London (change)
Today 28°C / 17°C
Tomorrow 26°C / 17°C

Hogroast2


Latest posts by Hogroast2

1 to 10 of 32

Plant identification

Posted: 18/06/2014 at 18:03

Thank you so much - that was fast! I'm in London, and it seemed to appear from nowhere.

Plant identification

Posted: 18/06/2014 at 17:19

Can anyone tell me what this thing that looks like a giant buddleja is? A couple of years ago I noticed it when it was what looked like a small palm about 60cm high. It's now over 3 metres tall. The flower cone you see is itself about 150cm. Can anyone identify it please?

http://s4.gardenersworld.com/uploads/images/original/49813.jpg?width=480&height=350&mode=max

 

 

Physalis

Posted: 25/04/2014 at 11:59

Last summer I grew three tomatillo plants in pots. The pots were knocked over and broken by animals once the plants were underway, but netted, they were eventually very successful and produced heavy crops. The pots were such a mess that I didn't keep the plants. I am growing some new seeds now and would like to plant them somewhere more permanent.

Tomatillos are supposed to be fairly hardy perennials, but how closely related are they to those Chinese Lantern plants (physalis alkaklengi) that take over gardens and can never ever be dug up? I don't mind them spreading a little bit but the Chinese Lantern has a reputation for going on rampages under walls and annexing neighbours' gardens and so on.

I'm also interested in the edible Physalis/Cape Gooseberry - which Suttons are marketing as Inca Berries - although I have no experience of growing those. They appear to be even closer relatives of the feared Chinese Lantern.

Has anyone grown some or all of these as perennials in the ground and have any idea of how they behave and what to expect? I like the fruits of both tomatillos and physalis (I seem to be in a minority here) but I don't want to spend the rest of my life fighting them.

Saving rotten wooden trellises

Posted: 14/04/2014 at 09:08

Thanks!

Saving rotten wooden trellises

Posted: 11/04/2014 at 12:33

In the garden there is a wooden pergola/arbour with wisteria trained up it that is looking a bit decrepit. Two years of constant rain have made it warp and crack and in a couple of places it looks like the wood of the posts has rotted under the ground. The wisteria looks great though.

I'm not sure how much longer the pergola has but it will take a lot of careful wisteria growing with it when it goes. Is there anything I can do to prolong its life? The wisteria has twined around most of the wooden spars, so it is not very accessible to paint with anything.

Compost help

Posted: 11/04/2014 at 12:16

Thank you Steve!

Compost help

Posted: 04/04/2014 at 11:16

Thank you very much for all of this. Back to the drawing board for me. Fitgetbones, I don't have any grass to mow but I do have a heap of dead sedge grass which is quite straw-like. Is that any use?

Compost help

Posted: 02/04/2014 at 13:53

As a fairly new gardener, I left my garden for a year so that I could see what was planted in it.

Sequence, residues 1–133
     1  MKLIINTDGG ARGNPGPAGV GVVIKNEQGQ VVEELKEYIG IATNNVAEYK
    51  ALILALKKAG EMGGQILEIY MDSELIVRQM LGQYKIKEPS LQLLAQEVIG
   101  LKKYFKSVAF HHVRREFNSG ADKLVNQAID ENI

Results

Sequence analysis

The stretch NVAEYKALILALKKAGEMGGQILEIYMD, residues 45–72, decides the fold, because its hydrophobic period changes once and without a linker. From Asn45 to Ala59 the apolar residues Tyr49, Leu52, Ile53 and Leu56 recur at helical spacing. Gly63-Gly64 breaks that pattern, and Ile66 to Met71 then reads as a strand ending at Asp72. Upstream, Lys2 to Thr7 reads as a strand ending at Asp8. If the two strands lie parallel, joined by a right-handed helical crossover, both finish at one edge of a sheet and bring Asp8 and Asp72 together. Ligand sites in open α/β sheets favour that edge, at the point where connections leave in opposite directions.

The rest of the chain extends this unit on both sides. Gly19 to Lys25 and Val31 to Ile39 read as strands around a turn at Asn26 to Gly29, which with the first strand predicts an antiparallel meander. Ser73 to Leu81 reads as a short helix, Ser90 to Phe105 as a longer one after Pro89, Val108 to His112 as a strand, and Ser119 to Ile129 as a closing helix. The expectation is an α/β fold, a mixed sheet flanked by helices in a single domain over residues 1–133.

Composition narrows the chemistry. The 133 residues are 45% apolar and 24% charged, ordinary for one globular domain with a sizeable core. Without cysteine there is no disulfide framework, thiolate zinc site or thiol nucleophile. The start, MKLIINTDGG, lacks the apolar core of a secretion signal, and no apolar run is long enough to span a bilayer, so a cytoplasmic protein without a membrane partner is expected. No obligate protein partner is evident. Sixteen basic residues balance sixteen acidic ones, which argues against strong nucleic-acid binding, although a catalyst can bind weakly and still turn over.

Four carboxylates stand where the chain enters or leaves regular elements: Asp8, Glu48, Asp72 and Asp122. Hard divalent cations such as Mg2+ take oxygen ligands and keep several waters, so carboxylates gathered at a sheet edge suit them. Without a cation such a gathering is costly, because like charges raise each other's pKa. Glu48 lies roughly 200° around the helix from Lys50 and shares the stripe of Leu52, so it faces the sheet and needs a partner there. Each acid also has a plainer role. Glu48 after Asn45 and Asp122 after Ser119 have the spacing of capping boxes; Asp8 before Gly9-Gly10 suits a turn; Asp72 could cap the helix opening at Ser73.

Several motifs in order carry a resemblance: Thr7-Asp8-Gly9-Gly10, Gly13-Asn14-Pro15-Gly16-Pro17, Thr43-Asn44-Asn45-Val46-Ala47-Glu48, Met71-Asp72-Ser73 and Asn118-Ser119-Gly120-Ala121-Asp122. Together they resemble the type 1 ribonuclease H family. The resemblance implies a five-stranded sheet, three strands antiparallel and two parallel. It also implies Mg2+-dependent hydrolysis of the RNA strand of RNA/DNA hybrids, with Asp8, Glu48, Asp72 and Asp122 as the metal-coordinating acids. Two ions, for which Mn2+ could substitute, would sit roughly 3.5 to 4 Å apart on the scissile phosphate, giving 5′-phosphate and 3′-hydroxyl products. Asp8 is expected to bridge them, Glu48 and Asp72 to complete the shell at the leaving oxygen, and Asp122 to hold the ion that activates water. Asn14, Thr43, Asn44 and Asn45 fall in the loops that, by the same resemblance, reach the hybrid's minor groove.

What took me quite a long time to get the hang of is how to compost, and for over a year I have been throwing uncooked kitchen waste on the heap along with almost everything I cut out of the garden, ie no "brown" waste, and the heap has never as far as I know got hot, or 'cooked'.

The result of the leave-it-and-see gambit was that I experienced an absolute infestation of dandelions and what I now know to be green alkanets, all of which have gone on the heap.

Apart from being in need of a good source of failsafe advice on how to compost, my question is: can I use what I have got? It's all rotted down and so on but is it now too rich for my plants? And will it not just increase my supply of green alkanets? I definitely have more than enough of those.

If I have just created an unusable heap, is there anything I can do to it to make it usable?

Mulberry Mould

Posted: 21/03/2014 at 10:37

Thank you! " Clean air"  is not the first thing that springs to mind when I think of the garden so this is something of a surprise.

Mulberry Mould

Posted: 21/03/2014 at 10:29

That's a great relief, thank you very much. Why is it a good sign?

1 to 10 of 32

Discussions started by Hogroast2

Plant identification

Replies: 6    Views: 192
Last Post: 18/06/2014 at 19:53

Physalis

Replies: 6    Views: 167
Last Post: 25/04/2014 at 15:45

Saving rotten wooden trellises

Replies: 3    Views: 189
Last Post: 14/04/2014 at 09:08

Compost help

Replies: 12    Views: 350
Last Post: 11/04/2014 at 22:16

Mulberry Mould

Replies: 4    Views: 263
Last Post: 21/03/2014 at 10:37

Dying Sedge

Replies: 9    Views: 279
Last Post: 20/03/2014 at 15:57

Suckers - how to deal with them?

Replies: 5    Views: 231
Last Post: 12/03/2014 at 18:00

Apricot leaves wilt: Help!

Tomcot tree with disease? 
Replies: 8    Views: 863
Last Post: 14/06/2013 at 16:24

Citrus UK

Kumquats 
Replies: 2    Views: 391
Last Post: 04/06/2013 at 12:33

Unhappy Magnolia Grandiflora: frost damage?

Replies: 4    Views: 815
Last Post: 28/02/2013 at 18:21

Where to site a gooseberry bush

Replies: 1    Views: 463
Last Post: 25/02/2013 at 15:39

Suggestions for a South-facing wall

Tree advice/other advice 
Replies: 6    Views: 1102
Last Post: 15/02/2013 at 21:21

Hanging/trailing plants in full shade - any advice?

Replies: 9    Views: 4112
Last Post: 11/02/2013 at 09:25
13 threads returned